WASHINGTON - This week Visa Inc. said it€™s going to reduce unnecessary storage of sensitive card information in merchant payment systems. Specifically, Visa is clarifying that existing operating regulations ensure acquirers and issuers allow merchants to present a truncated, disguised or masked card number on a transaction receipt for dispute resolution in place of the full 16-digit card number.
"By reducing the amount of vulnerable data in merchant systems that must be protected from compromise, merchants can see greater security as well as more streamlined compliance needs," said Visa€™s Eduardo Perez, head of global payment system security, in a statement.
StorefrontBacktalk.com writes that Visa€™s announcement is an "unusual twist in the ongoing saga of Visa versus the retailers," noting that merchant groups, such as NACS, have maintained for years that retailers should not be forced to retain primary account number (PAN) data €" to which Visa typically responded: "We don€™t require that."
Now Visa is recognizing that there was in fact confusion and ample room for misinterpretation.
"Due to misinterpretation of Visa dispute processing rules, some acquirers require their merchants to unnecessarily store full PANs for exception processing to resolve disputes. The unnecessary storage of full card PAN information by merchants has led to incidents of data compromise, theft or unintended disclosure during disposal," noted a Visa statement. "Additional confusion exists due to inconsistent dispute resolution practices by issuers and acquirers in use across different geographies, leading some merchants to conclude that PAN data must be retained for all transactions."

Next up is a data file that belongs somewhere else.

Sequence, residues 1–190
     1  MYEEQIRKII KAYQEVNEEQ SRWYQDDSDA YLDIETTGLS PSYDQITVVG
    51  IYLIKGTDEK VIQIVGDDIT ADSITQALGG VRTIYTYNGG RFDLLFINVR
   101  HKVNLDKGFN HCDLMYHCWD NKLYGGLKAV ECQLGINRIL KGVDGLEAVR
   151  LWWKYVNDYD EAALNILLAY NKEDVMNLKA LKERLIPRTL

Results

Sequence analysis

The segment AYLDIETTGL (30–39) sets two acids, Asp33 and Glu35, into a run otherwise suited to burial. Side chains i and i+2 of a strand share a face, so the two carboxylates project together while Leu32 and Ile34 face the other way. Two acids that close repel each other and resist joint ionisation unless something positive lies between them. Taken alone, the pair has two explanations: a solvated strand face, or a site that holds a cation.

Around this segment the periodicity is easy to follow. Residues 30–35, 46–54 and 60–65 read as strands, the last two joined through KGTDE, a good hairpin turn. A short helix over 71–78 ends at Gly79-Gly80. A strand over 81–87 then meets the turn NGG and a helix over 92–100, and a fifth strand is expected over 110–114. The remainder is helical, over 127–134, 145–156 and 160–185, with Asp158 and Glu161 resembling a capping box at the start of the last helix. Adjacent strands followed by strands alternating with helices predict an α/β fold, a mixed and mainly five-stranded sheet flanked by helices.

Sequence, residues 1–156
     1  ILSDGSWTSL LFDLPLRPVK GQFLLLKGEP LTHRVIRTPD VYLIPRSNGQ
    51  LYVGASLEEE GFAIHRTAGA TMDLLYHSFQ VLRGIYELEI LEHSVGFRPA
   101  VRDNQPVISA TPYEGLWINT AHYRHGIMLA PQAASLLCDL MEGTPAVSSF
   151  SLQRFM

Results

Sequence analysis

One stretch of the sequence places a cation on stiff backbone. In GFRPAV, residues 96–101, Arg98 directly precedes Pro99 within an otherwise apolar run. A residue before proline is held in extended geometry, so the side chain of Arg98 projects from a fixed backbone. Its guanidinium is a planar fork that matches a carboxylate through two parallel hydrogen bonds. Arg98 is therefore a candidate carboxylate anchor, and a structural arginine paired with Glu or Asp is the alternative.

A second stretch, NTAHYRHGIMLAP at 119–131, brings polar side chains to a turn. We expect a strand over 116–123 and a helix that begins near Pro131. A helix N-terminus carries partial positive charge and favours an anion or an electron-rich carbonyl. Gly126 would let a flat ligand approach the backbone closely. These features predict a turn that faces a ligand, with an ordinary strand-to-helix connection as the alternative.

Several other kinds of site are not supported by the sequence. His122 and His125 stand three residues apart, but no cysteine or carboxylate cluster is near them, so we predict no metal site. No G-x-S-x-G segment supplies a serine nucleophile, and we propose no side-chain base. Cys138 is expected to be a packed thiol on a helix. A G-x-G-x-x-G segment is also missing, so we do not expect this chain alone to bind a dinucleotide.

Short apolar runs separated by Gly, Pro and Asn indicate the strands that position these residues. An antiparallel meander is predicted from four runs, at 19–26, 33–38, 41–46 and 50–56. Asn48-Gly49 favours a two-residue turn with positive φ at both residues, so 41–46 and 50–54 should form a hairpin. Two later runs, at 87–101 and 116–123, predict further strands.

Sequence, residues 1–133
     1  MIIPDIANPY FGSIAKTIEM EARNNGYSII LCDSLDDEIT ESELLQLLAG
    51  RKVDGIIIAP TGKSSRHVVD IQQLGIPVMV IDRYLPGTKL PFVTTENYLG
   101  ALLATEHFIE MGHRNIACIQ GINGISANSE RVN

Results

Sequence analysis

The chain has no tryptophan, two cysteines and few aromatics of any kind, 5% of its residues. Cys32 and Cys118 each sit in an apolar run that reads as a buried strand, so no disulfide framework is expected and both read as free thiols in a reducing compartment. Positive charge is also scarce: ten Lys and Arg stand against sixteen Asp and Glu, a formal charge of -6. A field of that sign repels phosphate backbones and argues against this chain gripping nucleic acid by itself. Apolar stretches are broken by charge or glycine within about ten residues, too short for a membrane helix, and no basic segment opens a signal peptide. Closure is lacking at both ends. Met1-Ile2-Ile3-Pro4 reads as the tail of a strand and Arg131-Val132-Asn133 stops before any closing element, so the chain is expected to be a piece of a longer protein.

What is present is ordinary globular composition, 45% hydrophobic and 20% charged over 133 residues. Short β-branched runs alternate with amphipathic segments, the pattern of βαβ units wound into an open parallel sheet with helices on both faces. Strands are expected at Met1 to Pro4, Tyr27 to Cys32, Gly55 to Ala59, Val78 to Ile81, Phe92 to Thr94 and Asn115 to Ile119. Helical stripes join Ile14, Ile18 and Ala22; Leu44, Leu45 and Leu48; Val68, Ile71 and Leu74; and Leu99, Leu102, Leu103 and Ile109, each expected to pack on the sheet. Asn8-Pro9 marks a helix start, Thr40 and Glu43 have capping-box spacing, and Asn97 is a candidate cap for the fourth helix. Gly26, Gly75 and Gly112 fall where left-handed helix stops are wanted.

Gray Taylor, NACS payments consultant, noted: "We are pleased that Visa has decided to enforce some operating rules that benefit the retailer. In meetings with Visa, we have constantly highlighted the acquirers€™ requirement to retain PAN data for retrievals as inconsistent with Visa rules and PCI standards, and Visa has agreed. With Visa€™s decision, retailers are out of at least one 'damned if you do, damned if you don€™t€™ situation related to data security compliance."